*out_it++ = char(char2int(*it++));
    }

    for (; it < hex.end() - 1; it++) {
        *out_it++ = char2int(*it++) << 4 | char2int(*it);
    };

    return out;
}
0
#include <iostream>

using byte = unsigned char;

static int charToInt(char c) {
    if (c >= '0' && c <= '9') {
        return c - '0';
    }
    if (c >= 'A' && c <= 'F') {
        return c - 'A' + 10;
    }
    if (c >= 'a' && c <= 'f') {
        return c - 'a' + 10;
    }
    return -1;
}

// Decodes specified HEX string to bytes array. Specified nBytes is length of bytes
// array. Returns -1 if fails to decode any of bytes. Returns number of bytes decoded
// on success. Maximum number of bytes decoded will be equal to nBytes. It is assumed
// that specified string is '\0' terminated.
int hexStringToBytes(const char* str, byte* bytes, int nBytes) {
    int nDecoded {0};
    for (int i {0}; str[i] != '\0' && nDecoded < nBytes; i += 2, nDecoded += 1) {
        if (str[i + 1] != '\0') {
            int m {charToInt(str[i])};
            int n {charToInt(str[i + 1])};
            if (m != -1 && n != -1) {
                bytes[nDecoded] = (m << 4) | n;
            } else {
                return -1;
            }
        } else {
            return -1;
        }
    }
    return nDecoded;
}

int main(int argc, char* argv[]) {
    if (argc < 2) {
        return 1;
    }

    byte bytes[0x100];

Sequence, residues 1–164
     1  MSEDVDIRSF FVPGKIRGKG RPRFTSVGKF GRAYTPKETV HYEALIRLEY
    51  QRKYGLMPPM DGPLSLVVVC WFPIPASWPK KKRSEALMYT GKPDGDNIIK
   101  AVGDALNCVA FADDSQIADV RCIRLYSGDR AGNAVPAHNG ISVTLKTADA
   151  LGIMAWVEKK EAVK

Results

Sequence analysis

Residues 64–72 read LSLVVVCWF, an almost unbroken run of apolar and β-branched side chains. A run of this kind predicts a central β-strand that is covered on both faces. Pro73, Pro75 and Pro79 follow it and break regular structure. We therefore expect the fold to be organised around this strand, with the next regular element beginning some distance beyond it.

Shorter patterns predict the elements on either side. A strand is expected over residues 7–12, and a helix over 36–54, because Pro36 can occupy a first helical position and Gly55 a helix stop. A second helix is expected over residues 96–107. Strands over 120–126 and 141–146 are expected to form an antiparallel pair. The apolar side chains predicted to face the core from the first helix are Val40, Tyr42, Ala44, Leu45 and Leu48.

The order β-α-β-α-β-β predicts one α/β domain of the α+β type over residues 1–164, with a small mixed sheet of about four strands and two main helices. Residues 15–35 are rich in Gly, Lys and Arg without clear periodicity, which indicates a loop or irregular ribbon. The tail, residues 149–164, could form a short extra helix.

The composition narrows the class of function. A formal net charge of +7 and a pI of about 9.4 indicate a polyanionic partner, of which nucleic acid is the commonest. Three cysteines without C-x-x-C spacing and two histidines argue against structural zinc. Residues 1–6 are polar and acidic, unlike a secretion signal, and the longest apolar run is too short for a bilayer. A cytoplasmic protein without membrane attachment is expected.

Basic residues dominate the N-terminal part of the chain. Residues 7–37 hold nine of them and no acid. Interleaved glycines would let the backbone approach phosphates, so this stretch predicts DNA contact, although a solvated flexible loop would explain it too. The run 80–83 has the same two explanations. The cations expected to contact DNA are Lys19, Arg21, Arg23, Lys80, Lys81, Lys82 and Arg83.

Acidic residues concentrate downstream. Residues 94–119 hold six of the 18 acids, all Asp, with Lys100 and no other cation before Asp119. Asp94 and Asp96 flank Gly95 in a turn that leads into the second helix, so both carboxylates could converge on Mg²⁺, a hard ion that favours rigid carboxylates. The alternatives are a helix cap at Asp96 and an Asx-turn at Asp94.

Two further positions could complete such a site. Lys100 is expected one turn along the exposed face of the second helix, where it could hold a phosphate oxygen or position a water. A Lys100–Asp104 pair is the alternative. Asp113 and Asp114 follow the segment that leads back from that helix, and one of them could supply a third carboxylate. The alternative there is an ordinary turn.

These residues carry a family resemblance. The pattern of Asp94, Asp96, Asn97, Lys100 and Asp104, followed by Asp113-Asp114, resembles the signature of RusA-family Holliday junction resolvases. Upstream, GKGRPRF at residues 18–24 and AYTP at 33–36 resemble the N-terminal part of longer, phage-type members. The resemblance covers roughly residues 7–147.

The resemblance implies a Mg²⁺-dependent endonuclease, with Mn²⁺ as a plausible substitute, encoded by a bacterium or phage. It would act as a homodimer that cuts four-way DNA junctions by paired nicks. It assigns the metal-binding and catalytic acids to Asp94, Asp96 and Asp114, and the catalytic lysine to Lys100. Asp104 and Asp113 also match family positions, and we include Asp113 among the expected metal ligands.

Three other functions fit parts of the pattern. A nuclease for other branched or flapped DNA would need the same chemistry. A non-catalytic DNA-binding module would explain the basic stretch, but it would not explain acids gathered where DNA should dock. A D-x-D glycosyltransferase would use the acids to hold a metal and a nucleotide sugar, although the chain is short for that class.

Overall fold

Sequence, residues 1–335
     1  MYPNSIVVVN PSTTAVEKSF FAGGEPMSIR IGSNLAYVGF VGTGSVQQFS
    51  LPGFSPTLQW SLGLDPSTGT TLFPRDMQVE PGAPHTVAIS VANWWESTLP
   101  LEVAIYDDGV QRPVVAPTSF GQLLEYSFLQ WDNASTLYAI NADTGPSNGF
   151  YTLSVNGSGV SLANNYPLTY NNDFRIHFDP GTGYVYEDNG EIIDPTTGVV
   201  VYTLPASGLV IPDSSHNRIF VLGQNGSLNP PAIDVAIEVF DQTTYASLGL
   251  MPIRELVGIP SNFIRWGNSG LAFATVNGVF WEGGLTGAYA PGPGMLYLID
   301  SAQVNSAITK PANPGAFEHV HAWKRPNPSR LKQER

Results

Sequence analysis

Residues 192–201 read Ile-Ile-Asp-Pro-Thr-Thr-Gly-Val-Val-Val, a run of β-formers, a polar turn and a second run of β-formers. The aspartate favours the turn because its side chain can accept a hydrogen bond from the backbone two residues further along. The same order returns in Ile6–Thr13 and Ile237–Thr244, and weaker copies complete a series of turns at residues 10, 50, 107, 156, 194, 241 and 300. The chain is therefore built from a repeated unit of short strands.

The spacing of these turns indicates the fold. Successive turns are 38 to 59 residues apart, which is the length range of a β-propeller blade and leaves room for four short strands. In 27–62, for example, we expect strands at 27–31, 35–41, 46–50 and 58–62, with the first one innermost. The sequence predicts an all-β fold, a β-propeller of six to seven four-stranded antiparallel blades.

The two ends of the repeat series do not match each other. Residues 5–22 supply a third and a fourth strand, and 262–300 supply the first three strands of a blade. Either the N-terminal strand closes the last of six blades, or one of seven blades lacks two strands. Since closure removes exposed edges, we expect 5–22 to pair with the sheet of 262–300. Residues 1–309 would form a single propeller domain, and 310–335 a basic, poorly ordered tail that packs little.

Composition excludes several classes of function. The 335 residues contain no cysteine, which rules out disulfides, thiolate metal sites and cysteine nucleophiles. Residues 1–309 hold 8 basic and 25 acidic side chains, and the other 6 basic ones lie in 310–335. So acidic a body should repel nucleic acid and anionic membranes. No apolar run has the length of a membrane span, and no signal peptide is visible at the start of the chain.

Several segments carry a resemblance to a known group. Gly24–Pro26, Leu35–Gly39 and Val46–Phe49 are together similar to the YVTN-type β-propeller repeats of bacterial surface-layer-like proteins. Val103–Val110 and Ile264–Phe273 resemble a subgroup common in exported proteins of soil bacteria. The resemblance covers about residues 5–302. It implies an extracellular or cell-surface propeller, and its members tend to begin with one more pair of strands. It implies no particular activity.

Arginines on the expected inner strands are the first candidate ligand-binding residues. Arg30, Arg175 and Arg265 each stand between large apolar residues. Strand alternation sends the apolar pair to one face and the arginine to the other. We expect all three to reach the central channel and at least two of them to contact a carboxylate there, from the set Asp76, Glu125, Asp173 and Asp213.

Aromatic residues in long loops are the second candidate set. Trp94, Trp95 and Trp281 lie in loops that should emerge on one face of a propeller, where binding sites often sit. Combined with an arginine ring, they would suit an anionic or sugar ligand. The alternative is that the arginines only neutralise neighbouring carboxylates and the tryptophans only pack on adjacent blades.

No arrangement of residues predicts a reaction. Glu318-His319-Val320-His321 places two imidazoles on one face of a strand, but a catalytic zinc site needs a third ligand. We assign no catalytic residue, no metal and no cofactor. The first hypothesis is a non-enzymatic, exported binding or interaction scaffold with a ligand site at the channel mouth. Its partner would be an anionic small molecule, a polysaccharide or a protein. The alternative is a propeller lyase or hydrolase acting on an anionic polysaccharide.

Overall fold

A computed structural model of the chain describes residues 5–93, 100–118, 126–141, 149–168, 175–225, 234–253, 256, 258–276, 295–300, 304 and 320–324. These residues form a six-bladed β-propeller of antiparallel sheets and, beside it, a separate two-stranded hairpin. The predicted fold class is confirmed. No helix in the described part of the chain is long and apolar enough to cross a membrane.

int ret {hexStringToBytes(argv[1], bytes, 0x100)};
    if (ret < 0) {
        return 1;
    }
    std::cout << "number of bytes: " << ret << "\n" << std::hex;
    for (int i {0}; i < ret; ++i) {
        if (bytes[i] < 0x10) {
            std::cout << "0";
        }
        std::cout << (bytes[i] & 0xff);
    }
    std::cout << "\n";

    return 0;
}
0

Very similar to some of the other answers here, this is what I went with:

typedef uint8_t BYTE;

BYTE* ByteUtils::HexStringToBytes(BYTE* HexString, int ArrayLength)
{
  BYTE* returnBytes;
  returnBytes = (BYTE*) malloc(ArrayLength/2);
  int j=0;

  for(int i = 0; i < ArrayLength; i++)
  {
    if(i % 2 == 0)
    {
      int valueHigh = (int)(*(HexString+i));
      int valueLow =  (int)(*(HexString+i+1));

      valueHigh = ByteUtils::HexAsciiToDec(valueHigh);
      valueLow =  ByteUtils::HexAsciiToDec(valueLow);

      valueHigh *= 16;
      int total = valueHigh + valueLow;
      *(returnBytes+j++) = (BYTE)total;
    }
  }
  return returnBytes;
}

int ByteUtils::HexAsciiToDec(int value)
{
  if(value > 47 && value < 59)
  {
    value -= 48;
  }
  else if(value > 96 && value < 103)
  {
    value -= 97;
    value += 10;
  }
  else if(value > 64 && value < 71)
  {
    value -= 65;
    value += 10;
  }
  else
  {
    value = 0;
  }
  return value;
}
0

i've modified TheoretiCAL's code

uint8_t buf[32] = {};
std::string hex = "0123";
while (hex.length() % 2)
    hex = "0" + hex;
std::stringstream stream;
stream << std::hex << hex;

for (size_t i= 0; i <sizeof(buf); i++)
    stream >> buf[i];